We have made a strong financial investment in creating a culture of learning and leading by increasing our professional development budget by 160% over the past four years. This commitment has enabled 100% of our faculty and staff to attend 56 workshops and/or conferences during the 2016-2017 school year; our investment in our community is an investment in our children.
Emilie Brick, one of our newest early learning teachers, attended the Boulder Journey Learning Conference this summer for the first time. “I think continuing the mindset of being lifelong learners creates the culture that no one is perfect and we can work together to make a better school,” she said. “It creates a mindset that making mistakes is okay. We can set that expectation and model it for our students. Modeling what that looks like as a result gives children a different approach.”
Using our strategic plan and philosophy of learning as a road map to guide our decisions around teaching and learning, we are able to identify, implement, and align better professional learning opportunities for our faculty and staff. Providing robust learning opportunities such as Lucy Calkin’s Writer’s Workshop, Math in Focus, Project Based Learning, Responsive Classroom, SEE-KS, anti-bias frameworks, and Boulder Journey Learning Conference allows our teachers to stay current in their field as well as deepen their knowledge and develop new skills.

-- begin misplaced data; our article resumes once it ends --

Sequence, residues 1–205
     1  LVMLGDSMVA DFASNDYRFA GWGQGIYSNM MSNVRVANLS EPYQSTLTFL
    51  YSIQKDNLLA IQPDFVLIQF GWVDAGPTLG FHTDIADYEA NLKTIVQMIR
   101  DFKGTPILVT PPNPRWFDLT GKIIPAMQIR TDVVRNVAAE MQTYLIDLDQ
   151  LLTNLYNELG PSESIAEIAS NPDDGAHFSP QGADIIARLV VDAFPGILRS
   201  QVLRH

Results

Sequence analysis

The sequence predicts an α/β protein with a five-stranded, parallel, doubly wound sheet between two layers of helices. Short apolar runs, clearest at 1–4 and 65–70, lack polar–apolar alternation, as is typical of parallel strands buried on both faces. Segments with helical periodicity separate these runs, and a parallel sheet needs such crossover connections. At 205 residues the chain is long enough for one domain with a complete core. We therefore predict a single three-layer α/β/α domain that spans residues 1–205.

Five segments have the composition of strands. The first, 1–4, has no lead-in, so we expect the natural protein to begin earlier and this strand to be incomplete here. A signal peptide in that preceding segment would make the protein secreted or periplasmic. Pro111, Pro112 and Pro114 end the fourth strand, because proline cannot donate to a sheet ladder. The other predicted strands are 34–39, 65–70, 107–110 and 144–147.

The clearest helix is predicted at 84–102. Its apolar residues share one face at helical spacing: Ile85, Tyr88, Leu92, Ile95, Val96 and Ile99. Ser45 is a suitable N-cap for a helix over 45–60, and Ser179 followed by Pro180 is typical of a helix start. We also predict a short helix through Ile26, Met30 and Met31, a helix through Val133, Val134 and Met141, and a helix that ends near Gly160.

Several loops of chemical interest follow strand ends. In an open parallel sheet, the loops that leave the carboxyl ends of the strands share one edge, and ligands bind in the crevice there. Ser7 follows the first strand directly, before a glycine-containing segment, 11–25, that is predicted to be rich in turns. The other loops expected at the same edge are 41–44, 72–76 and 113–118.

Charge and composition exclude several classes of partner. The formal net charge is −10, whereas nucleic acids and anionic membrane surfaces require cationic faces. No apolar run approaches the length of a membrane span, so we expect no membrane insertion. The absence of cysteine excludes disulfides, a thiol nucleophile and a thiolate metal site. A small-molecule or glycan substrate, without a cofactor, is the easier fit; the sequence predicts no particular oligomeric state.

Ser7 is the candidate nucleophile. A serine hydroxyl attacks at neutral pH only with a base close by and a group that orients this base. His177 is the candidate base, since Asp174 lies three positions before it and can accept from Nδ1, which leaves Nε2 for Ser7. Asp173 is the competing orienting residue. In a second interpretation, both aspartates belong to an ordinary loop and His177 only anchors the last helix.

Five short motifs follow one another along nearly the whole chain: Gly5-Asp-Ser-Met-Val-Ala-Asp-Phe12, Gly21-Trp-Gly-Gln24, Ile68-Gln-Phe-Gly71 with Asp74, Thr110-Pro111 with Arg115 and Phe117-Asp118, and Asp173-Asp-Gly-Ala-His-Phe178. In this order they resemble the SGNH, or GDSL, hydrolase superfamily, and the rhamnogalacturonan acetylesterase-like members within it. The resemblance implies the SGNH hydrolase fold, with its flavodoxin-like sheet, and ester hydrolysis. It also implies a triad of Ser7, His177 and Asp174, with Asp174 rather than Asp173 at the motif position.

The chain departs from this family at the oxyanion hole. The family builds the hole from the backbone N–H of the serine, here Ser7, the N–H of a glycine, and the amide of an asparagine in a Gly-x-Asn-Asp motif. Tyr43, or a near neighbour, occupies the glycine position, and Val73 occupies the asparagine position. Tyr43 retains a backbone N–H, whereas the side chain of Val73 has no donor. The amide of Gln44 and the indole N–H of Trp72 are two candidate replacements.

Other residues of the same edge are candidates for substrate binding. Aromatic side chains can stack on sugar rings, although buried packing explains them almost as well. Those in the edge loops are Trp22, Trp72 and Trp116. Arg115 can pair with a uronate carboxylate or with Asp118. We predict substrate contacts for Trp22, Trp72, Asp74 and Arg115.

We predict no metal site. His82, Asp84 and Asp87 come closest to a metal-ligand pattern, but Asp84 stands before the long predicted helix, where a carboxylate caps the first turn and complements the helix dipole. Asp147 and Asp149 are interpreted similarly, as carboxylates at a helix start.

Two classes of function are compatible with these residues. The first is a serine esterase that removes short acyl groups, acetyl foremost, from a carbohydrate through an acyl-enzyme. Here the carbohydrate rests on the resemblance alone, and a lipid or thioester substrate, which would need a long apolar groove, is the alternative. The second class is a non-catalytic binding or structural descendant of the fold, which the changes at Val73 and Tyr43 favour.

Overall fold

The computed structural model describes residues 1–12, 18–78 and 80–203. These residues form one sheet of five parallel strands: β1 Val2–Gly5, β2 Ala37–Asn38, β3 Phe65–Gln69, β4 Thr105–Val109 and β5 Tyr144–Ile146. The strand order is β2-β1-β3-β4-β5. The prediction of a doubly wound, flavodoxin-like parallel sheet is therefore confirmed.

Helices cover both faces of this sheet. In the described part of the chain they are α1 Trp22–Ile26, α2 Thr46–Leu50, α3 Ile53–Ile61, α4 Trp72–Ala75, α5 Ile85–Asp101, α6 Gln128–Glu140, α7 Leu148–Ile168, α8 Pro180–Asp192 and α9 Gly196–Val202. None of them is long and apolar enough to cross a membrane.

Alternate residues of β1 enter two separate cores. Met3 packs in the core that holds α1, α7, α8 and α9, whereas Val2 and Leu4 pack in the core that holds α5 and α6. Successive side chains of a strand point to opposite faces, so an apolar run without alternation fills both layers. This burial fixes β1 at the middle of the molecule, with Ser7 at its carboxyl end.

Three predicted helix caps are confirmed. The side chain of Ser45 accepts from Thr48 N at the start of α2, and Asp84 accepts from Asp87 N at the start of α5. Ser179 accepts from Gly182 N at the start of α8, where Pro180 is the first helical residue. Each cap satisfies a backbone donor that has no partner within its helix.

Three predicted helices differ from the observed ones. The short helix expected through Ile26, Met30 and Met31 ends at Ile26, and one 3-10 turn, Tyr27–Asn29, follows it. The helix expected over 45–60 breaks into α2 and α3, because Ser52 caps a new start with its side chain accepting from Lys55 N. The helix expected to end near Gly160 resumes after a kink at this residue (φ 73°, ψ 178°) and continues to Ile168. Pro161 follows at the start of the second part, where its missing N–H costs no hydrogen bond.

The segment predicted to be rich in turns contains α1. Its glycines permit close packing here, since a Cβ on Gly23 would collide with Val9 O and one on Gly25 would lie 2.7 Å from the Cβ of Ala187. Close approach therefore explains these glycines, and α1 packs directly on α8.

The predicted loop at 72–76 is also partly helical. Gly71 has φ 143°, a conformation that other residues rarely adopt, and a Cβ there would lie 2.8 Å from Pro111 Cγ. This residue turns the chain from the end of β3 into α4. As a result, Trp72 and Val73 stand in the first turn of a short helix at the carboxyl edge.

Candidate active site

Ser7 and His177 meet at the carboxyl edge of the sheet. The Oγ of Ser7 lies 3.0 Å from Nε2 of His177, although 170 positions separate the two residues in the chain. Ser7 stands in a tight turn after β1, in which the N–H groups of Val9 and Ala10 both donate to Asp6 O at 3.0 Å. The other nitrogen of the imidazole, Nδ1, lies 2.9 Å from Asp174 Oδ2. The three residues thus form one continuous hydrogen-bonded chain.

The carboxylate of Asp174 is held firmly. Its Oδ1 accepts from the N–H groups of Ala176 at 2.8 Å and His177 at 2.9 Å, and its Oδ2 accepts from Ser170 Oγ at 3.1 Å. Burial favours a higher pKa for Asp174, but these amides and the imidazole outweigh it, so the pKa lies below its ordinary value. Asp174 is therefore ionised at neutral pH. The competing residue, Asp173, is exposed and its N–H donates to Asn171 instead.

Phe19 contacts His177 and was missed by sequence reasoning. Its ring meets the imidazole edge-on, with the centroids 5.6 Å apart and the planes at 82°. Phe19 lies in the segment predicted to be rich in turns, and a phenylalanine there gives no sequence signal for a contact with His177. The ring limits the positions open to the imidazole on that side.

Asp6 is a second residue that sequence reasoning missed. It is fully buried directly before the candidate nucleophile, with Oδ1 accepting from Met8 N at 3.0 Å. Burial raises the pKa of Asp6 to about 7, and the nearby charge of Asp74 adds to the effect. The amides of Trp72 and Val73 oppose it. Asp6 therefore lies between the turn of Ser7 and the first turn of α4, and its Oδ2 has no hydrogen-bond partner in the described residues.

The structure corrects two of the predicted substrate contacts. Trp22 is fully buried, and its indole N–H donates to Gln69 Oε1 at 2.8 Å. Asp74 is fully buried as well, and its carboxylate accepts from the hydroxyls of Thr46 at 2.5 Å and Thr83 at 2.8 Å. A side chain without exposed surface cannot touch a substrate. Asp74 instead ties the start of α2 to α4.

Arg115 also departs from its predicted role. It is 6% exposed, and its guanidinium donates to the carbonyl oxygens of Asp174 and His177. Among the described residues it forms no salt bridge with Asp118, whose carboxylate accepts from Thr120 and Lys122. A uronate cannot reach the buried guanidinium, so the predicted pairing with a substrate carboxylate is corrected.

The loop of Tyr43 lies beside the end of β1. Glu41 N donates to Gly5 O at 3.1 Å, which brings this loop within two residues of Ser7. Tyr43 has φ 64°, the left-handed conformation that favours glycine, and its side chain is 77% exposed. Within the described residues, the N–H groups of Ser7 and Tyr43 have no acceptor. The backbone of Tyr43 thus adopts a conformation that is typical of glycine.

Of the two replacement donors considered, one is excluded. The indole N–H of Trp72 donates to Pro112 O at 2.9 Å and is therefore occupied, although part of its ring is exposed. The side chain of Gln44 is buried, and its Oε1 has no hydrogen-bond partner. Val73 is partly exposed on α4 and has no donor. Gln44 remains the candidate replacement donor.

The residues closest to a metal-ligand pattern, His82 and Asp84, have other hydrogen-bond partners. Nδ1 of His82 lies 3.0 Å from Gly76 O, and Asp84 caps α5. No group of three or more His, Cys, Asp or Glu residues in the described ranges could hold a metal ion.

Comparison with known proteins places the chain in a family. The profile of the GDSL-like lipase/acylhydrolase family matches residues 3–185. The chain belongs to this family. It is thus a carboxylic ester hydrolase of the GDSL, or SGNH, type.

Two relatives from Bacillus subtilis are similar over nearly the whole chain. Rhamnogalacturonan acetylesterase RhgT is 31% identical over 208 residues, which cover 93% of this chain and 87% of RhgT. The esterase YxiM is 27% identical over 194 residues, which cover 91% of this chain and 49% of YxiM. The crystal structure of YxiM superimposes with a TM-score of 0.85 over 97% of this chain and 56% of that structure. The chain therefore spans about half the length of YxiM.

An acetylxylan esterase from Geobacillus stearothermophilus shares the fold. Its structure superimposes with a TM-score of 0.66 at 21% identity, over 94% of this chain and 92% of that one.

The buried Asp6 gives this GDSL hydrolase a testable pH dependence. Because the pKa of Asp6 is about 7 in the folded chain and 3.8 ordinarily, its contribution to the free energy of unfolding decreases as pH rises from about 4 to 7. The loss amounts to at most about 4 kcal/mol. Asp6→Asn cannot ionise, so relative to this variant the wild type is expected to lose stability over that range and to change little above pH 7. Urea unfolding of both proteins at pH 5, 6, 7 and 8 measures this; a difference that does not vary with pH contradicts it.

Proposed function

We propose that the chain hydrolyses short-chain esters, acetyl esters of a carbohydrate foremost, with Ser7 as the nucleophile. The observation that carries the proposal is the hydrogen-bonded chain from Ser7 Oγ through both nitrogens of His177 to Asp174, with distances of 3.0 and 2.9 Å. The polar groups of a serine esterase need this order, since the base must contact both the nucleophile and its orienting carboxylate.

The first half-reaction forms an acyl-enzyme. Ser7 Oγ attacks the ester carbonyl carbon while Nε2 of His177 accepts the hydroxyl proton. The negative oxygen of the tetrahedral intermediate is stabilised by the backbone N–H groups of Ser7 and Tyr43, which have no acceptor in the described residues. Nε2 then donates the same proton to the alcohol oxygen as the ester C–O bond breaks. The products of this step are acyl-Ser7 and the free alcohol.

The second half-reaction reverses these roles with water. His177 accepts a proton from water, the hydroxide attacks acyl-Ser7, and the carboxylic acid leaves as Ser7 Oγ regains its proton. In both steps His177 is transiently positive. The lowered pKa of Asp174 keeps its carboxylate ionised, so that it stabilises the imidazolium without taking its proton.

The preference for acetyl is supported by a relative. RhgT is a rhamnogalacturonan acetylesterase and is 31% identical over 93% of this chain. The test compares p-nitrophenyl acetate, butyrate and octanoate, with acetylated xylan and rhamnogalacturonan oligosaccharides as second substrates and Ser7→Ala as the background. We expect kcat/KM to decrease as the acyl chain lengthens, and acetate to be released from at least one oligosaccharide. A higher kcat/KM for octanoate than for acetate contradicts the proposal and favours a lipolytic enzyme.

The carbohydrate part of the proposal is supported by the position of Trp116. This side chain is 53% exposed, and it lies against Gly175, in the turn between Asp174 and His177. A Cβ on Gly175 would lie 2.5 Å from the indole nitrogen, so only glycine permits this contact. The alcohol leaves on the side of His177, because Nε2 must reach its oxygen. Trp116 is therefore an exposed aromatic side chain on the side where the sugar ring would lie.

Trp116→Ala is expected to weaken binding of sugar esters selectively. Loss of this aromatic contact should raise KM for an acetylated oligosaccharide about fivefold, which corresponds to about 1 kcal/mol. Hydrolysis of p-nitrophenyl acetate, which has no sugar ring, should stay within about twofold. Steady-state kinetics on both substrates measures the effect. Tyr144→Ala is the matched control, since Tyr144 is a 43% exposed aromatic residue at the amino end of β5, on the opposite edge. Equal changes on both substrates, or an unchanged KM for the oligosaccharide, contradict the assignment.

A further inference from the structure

“Everything is changing so fast with technology and communication that you almost have to learn as an adult or you’ll be stuck behind. It’s important to be able to bring that to your kids and figure out how to use things like social media and new technology in the classroom,” said another early learning teacher.
Many educators have already seen positive changes in their classrooms from the information and advice obtained through these learning opportunities. Emilie, who teaches 3- and 4-year-olds, said, “this year we had full control over our classroom. I designed it after the calm natural feel of the Boulder Schools and have received lots of positive feedback from parents seeing how the environment has impacted their children. [I’ve learned that] it helps them gradually transition into the classroom. The calm, welcoming environment make families more comfortable.”
Well-informed teachers help create well-informed students. Research shows that student learning and achievement increase when educators participate in effective professional development. We know that the best professional development is ongoing, collaborative, experiential and allows educators to instill a love of learning in their students.